More Culture:

July 10, 2018

Wills for 'Bachelor'!

A case for Wills Reid — eliminated from Becca Kufrin's season of 'The Bachelorette' — to be the next 'Bachelor'

Entertainment Television
Wills Reid from 'The Bachelorette.' ABC/Contributed Art

Wills Reid from 'The Bachelorette.'

Hello, fellow trash television consumers. It is I, PhillyVoice's official "Bachelor" correspondent. I intend to use this space to make an official endorsement: Wills Reid for the next season of "The Bachelor."

Wills was eliminated from the "Bachelorette" on Monday night after squaring off with Jason in a group date. With exception to his use of hair product, Jason is a good contestant and better than the other three men left competing for Becca Kufrin's heart.

But it was disappointing nonetheless — Wills seemed genuinely invested in Becca and was one of the few contestants this season who didn't have a checkered past or have the emotional stability of a toddler.

But life goes on for the 29-year-old graphic designer, and looking forward, he would be the ideal candidate for the next season of "The Bachelor." And yes, Wills has already been selected for "Paradise" this summer. But it's not too late for the producers to change their mind, right?

A presentation of the facts:

He is the opposite of Big Doofus Baby Man Arie

Arie was a disaster on the last season of the Bachelor – not just because of the embarrassing conclusion, but because of his awkward sensibilities and overhyped kissing abilities. Wills is the opposite of socially inept and indecisive. Look at this smooth-ass dude:

He's not afraid of confrontation

If you remember from a couple episodes ago, Chris — doppeleganger of Chandler's roommate Eddie — short circuited and threw a temper tantrum over his lack of one-on-one time with Becca. (Which was his fault in the first place.) After floundering and failing during a sit-down with Becca, he tried to interrupt Wills during his one-on-one time.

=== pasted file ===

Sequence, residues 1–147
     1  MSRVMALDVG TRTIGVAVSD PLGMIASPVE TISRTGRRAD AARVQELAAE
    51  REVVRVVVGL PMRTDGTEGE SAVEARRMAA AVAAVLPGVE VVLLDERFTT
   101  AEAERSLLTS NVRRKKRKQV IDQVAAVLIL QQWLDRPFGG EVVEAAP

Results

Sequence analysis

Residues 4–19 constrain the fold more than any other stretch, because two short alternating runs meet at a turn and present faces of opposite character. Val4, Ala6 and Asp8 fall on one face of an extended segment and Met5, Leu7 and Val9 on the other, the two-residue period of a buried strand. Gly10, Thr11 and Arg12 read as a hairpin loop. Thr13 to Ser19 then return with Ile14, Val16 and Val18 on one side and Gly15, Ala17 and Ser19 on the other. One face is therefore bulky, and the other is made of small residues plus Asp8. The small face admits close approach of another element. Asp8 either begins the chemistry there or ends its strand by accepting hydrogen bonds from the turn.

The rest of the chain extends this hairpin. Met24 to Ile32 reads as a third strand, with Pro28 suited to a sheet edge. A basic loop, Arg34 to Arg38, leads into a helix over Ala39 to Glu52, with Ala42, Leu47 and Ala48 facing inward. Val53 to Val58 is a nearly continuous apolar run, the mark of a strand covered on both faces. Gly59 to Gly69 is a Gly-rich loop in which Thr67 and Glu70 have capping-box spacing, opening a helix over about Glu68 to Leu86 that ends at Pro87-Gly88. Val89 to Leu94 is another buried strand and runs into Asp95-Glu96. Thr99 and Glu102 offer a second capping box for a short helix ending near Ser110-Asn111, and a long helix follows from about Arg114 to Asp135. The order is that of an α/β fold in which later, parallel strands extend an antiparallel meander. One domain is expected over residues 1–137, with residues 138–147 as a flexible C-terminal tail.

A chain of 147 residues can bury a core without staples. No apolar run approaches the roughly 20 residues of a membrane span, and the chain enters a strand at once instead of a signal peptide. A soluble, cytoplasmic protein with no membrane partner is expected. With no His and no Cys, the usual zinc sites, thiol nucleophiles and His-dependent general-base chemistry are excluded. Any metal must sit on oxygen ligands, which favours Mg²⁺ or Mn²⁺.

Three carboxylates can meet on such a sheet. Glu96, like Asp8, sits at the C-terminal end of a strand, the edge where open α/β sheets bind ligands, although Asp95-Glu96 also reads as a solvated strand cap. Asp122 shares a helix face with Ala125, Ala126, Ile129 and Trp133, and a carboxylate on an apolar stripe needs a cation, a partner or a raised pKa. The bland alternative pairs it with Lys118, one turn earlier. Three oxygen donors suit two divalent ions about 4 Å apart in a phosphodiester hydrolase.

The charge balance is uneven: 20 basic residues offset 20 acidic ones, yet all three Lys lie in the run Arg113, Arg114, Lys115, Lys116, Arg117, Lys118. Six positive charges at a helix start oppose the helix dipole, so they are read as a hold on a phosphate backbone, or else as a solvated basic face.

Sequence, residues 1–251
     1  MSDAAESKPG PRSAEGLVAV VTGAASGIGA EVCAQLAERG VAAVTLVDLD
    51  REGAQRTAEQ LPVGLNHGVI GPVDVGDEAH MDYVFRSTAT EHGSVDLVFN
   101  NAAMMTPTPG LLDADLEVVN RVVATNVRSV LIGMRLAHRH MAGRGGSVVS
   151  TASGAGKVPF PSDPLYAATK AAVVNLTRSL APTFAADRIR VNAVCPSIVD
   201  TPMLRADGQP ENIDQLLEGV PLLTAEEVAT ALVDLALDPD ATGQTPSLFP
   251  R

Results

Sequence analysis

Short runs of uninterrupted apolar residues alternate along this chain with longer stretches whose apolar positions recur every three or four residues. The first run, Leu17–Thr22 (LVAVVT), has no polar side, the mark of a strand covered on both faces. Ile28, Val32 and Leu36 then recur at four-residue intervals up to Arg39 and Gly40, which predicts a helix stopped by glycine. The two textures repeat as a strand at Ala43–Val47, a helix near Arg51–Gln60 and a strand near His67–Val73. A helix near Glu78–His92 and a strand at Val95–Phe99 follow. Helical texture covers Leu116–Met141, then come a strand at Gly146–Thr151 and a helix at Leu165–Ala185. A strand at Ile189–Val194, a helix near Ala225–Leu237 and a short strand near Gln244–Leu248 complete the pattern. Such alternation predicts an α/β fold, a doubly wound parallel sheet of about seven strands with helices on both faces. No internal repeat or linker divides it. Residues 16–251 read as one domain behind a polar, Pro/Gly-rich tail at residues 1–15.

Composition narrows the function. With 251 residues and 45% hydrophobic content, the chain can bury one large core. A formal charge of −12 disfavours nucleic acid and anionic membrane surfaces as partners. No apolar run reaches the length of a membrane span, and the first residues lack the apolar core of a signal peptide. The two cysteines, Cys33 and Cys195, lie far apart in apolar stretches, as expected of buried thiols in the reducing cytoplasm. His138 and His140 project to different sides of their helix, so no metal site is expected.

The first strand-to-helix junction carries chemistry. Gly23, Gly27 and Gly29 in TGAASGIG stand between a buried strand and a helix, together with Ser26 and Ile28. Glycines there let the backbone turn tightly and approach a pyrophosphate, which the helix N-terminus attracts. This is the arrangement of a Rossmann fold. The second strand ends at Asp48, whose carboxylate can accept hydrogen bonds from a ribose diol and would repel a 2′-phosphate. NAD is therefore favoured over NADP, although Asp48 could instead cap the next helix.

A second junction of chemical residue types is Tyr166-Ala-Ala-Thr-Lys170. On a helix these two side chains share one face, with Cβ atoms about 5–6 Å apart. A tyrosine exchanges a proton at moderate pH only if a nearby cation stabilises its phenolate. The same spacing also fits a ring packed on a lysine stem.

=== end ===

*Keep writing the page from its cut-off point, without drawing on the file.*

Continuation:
Normally, the guy or girl will in this situation almost always concede to the interrupter. But Wills is hesitant to give up his time, and only allows Chris two minutes before taking over again. Chris, a fledgling child, is incensed. Wills doesn't care, because he is an adult. 

Of course, Wills was in the right here. But more importantly, it shows that he won't avoid confrontation — aka interesting television — if need be.

Emotional intelligence

One of the more exhausting running themes on this show is constant fear from contestants about where they stand with the one holding the roses. "Oh no, does he/she really like me?" If you have to ask, probably not! Throughout his time on the "Bachelorette," Wills shows an appropriate amount of worry and confidence depending on how his time with Becca went that episode.

Then, when he's finally eliminated, he breaks down. Not drunk, crododile tears, but genuine tears.

Contestants often are either clearly detached from the show or invested to the point of embarrassment. Wills fit nicely in the middle.

Bet on him breaking out of his shell

One knock on Wills is that he was a bit quiet. But that gradually changed as the pool of contestants thinned, as noted in the above points. It's also a mistake to conflate speaking volume and personality. Jordan the model was entertaining, to say the least, especially when sniveling little jerk (and reckless sleeper) David was trying to get under his skin. But could you imagine an entire season of his shtick being front and center?

Name puns

Case in point:

The outfits

Last episode he wore leopard print shorts and a leopard print shirt. In the same episode, he rocked these sneakers.

First black "Bachelor"

Last year, we had our first black "Bachelorette." After 22 seasons, there has not been a black "Bachelor." The show tripped and fell on its face trying to handle race during Rachel's season, but doing so more delicately with Wills could be a shot at redemption.